The Land Reform Review Group (LRRG) published its much anticipated final report, ‘The Land of Scotland and the Common Good’, yesterday. The Scottish Government established the Group in July 2012 with a remit to develop “innovative and radical” land reform proposals addressing greater diversity of land ownership and ownership types, support for communities in land acquisition and management and new relationships between land, people, economy and environment in Scotland.
That’s a daunting set of tasks to say the least, particularly given the complex, contentious and expansive nature of the ‘Land Question’ in Scotland. It’s therefore to the LRRG’s great credit that ‘The Land of Scotland and the Common Good’ largely succeeds in fulfilling its remit; all the more so given the Group’s much maligned Interim Report published in May last year and the disruption caused by the resignations of its two original Vice-Chairs, Professor James Hunter and Dr Sarah Skerratt for personal and work-related reasons respectively.
In the wake of that Interim Report, a re-booted LRRG, in which the Chair, Dr Alison Elliot, was joined by John Watt, Ian Cooke and Pip Tabor as new Vice-Chairs and Robin Callander as Special Advisor, confirmed that it would be looking at the “broad sweep of what might be considered land reform issues in Scotland”. ‘The Land of Scotland and the Common Good’ certainly does that. In 263 carefully structured pages the report contextualises land reform in Scotland to date and presents background information, analysis and recommendations on a host of inter-related issues pertaining to aspects of land ownership and use ranging from community and public ownership to local development, housing and agricultural land holdings.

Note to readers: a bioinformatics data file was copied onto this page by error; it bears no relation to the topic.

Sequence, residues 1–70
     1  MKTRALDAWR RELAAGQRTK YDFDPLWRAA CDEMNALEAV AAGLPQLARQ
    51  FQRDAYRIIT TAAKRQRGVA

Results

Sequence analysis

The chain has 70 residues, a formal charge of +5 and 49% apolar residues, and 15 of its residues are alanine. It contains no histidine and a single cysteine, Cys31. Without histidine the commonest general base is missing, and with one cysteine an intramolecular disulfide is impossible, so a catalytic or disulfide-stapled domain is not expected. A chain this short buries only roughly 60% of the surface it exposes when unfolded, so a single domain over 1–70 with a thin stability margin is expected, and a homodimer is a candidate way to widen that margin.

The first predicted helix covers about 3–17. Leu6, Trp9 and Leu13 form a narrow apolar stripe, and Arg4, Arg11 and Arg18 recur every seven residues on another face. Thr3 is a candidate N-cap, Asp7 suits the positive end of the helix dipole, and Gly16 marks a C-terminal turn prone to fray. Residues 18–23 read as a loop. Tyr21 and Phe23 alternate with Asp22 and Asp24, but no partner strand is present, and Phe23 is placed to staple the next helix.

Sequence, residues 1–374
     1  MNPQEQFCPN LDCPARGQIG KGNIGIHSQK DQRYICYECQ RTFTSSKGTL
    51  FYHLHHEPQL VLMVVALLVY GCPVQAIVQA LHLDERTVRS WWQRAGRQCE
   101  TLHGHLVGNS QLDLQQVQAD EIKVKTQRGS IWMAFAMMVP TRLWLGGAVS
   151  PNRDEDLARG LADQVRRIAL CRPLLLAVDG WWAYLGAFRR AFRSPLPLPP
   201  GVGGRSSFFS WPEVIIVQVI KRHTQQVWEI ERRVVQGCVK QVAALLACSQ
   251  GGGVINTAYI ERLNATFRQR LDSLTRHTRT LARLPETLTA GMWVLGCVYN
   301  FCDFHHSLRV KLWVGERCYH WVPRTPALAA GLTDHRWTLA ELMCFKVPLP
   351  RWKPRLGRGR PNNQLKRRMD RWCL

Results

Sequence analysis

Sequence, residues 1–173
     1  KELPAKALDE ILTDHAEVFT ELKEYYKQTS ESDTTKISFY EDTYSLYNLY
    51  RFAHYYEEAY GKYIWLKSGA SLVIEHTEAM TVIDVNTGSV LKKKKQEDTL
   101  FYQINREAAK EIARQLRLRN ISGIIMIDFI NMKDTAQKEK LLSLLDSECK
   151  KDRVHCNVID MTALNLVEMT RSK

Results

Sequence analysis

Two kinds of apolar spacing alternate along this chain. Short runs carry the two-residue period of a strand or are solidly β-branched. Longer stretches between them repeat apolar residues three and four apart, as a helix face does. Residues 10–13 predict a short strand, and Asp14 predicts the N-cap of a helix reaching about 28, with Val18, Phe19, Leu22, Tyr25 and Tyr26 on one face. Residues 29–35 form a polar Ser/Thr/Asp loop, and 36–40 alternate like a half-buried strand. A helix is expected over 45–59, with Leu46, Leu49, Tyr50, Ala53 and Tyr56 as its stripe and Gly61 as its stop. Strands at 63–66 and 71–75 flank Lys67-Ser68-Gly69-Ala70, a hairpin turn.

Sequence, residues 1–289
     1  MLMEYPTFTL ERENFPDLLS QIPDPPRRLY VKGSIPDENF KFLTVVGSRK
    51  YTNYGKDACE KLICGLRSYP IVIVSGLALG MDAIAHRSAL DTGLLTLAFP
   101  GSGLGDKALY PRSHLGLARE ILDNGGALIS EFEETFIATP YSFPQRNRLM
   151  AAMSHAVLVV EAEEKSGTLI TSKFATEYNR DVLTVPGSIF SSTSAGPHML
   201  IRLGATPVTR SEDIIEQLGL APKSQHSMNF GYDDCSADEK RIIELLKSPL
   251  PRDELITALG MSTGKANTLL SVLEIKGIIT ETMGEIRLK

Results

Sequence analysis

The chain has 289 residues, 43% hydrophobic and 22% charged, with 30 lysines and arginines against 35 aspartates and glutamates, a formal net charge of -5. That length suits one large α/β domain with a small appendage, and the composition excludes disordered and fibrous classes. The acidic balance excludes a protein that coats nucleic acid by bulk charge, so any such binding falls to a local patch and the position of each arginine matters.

An overarching theme of the analysis is that Scotland’s land tenure system should operate for the common good of the people of Scotland as a whole. Refreshingly, the report also provides a definition of land reform as encompassing “measures that modify or change the arrangements governing the possession and use of land in Scotland in the public interest”. As Andy Wightman notes in his blog, the report’s statement of that definition is important because it dispels the myth that ‘land reform’ is somehow the exclusive preserve of rural Scotland or, even more myopically, the Highlands and Islands.